SteelSeries has long been known as a developer of high-end gaming peripherals and their ‘7G’ gaming keyboards keeps to this tradition well. It is the most solid and well-made keyboard I have ever had the pleasure of using.

Looks/Design:
The 7G features a flat black-metal (for the most part) construction which, at first look, is actually a bit underwhelming. It comes in two pieces, the keyboard itself and a metal wrist rest unit that attaches to it. You will not find any lights or LCD screens or any other bells and whistles on this unit.

What you will find, however, is a very effective braided cable system which almost entirely eliminates any ‘tangling effect’ as well as the possibly of fraying normal plastic insulation. This feature alone should be standard on all new gaming keyboards or mice out there as I cannot tell you how many times I have had a cable start to pull out of a device because the plastic connection got worn down. No such possibility here, thanks to some ingenious thinking.

One special feature that SteelSeries would have been smart to add is some sort of lighting system. Unlike the LCD screens and the other ‘bells and whistles’ found on gaming keyboards these days, lighting is definitely the most useful, especially when gaming in a dimly-lit tournament environment. The keyboard features a USB pass-through cable, so why not draw power from it for on board lighting?

The included wrist rest is quite large and does a good job of keeping your hands at a comfortable angle. However, it is an all-metal design and can chafe if used for long periods of time. While SteelSeries has told us this design decision was made for durability purposes (gel rests can puncture and decay), and this makes sense, we recommend you put a soft barrier between the rest’s metal and your wrists for your own comfort.

The 7G’s key layout is fairly standard, save for the Windows key being replaced by a key with the SteelSeries logo on it. Once held down, it enables the ‘secondary media feature’ on keys F1-F6. So, you want to mute your PC’s volume, just hold down the SteelSeries key followed by F1 – simple! SteelSeries has also chosen to use an L-shaped enter key, which we find comfortable and familiar. The only real issue we have with the key layout is the small backspace key. It takes some getting used to if you have been using wider variants on other keyboards for a while.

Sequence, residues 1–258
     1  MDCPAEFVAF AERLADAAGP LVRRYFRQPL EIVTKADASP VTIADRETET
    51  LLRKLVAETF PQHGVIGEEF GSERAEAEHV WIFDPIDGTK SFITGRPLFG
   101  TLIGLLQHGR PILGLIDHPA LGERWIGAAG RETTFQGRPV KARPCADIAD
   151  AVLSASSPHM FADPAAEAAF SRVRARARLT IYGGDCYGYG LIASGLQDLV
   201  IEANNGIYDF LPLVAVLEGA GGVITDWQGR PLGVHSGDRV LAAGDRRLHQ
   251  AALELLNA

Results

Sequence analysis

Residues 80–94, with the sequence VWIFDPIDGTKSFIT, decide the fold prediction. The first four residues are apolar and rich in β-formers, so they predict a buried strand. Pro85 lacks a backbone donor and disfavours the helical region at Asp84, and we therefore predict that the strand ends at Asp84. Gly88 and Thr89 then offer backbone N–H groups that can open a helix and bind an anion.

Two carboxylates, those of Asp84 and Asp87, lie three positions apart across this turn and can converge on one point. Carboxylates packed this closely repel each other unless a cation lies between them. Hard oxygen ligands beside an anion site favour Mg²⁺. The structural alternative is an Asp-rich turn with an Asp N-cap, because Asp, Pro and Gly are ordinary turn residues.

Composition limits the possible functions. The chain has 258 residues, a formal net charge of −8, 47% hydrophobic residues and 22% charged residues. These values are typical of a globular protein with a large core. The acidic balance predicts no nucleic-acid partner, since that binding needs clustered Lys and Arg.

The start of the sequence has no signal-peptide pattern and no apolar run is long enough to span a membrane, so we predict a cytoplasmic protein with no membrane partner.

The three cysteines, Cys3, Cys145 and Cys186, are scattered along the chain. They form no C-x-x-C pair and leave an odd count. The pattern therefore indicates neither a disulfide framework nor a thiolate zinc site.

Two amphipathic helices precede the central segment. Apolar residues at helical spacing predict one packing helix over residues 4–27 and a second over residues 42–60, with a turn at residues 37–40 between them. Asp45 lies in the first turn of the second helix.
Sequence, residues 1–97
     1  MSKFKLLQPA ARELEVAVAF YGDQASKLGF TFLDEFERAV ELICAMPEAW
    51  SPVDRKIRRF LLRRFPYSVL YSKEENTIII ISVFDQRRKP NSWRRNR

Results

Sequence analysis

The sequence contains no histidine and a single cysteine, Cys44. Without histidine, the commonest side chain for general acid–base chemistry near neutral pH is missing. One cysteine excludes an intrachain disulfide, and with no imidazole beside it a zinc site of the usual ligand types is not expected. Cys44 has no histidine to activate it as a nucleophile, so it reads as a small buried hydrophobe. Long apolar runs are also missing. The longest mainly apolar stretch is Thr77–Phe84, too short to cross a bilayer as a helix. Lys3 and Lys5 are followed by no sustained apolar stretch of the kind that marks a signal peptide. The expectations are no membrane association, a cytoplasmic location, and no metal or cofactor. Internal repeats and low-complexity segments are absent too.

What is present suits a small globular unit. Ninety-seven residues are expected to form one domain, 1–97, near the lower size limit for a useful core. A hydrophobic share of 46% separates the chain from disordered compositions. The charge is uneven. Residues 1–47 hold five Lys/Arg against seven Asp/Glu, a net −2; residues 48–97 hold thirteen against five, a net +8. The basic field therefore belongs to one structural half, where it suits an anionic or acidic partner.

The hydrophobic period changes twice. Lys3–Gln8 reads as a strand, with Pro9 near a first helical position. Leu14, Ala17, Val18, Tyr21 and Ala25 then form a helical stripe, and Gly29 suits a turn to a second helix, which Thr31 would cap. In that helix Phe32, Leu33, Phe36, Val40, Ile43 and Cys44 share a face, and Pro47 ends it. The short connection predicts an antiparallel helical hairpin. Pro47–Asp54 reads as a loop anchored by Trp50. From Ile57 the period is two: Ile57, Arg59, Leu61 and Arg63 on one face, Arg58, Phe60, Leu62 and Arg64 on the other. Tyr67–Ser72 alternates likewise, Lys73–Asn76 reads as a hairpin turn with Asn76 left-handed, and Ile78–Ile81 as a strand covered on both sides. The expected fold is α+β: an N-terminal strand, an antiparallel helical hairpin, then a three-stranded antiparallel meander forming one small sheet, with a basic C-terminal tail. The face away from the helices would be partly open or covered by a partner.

Then we looked at the 7G’s output cables. SteelSeries has attached a gold-plated USB cable (for the on board pass-through ports), speaker and headset cables, and a PS/2 connector! That’s right: PS/2! Why would such a premium keyboard use an ‘old’ technology like PS/2? Well, we asked. Our answer was fielded by Kim Rom, VP of Marketing at SteelSeries. Kim told us that the reason for the PS/2 connector (a USB adapter is included, by the way) is two fold: First, when gamers take their 7G’s to various tournaments, many tournament machines can have no available USB ports to plug their keyboards into. Second: The PS/2 interface (while actually has more dedicated access to the motherboard. This can be seen pretty much anytime your USB ports ‘freeze up’. While the PC processes what is going on, if you had a PS/2 keyboard installed it would still be able to pass on your key presses. Also, this allows the 7G to be used during your PC’s booting period where a USB keyboard might not have been detected yet. We would like to thank Mr. Rom for his helpful answers.

Usage/Features: Using the 7G is a very pleasant experience, with the keys providing a smooth glide. They call them gold plated with ‘no-click’, however we found them to be extremely loud, so this is not the keyboard to use if you are trying to type in secret. Aside from the noise, the keys have a great action. They feel very solid, and you can feel friction in the glide which makes for an experience we liken to ‘squeezing’ the trigger of a semi-automatic pistol as opposed to ‘snapping’ it back. If all this sounds very ethereal and new age, you will just have to try one of these keyboards yourself, as the typing experience is quite unique among all the keyboards I have tried. This translates extremely well to gaming, with the only problem being that I miss having the macro features other keyboards provide. With the PS/2 anti-ghosting feature, I never ran into a keystroke overload even once. Also, the heavy weight of the unit keeps it staying put during intense gaming sessions. I just hate it when I end up pushing my keyboard about the desk while in a flurry of typing.

Conclusion: If you are looking for the best ‘functional’ gaming keyboard possible, the SteelSeries 7G gaming keyboard is exceptional and well-worth its $150 dollar price point in that it very well could be the last keyboard you need to buy until the apocalypse, maybe. Even then, the thing might just hold-up fine. Unfortunately, nuclear testing was not part of our review regiment. Also, we cannot say what the value of the beast will be in bottle caps. Sorry, we have been playing Fallout 3 too much. The biggest complaint we can find about this keyboard is the lack of back-lighting. If you can get over not having the ‘bells and whistles’ and are able to afford it, the 7G is easily the keyboard for you.

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Jerry Paxton

A long-time fan and reveler of all things Geek, I am also the Editor-in-Chief and Founder of GamingShogun.com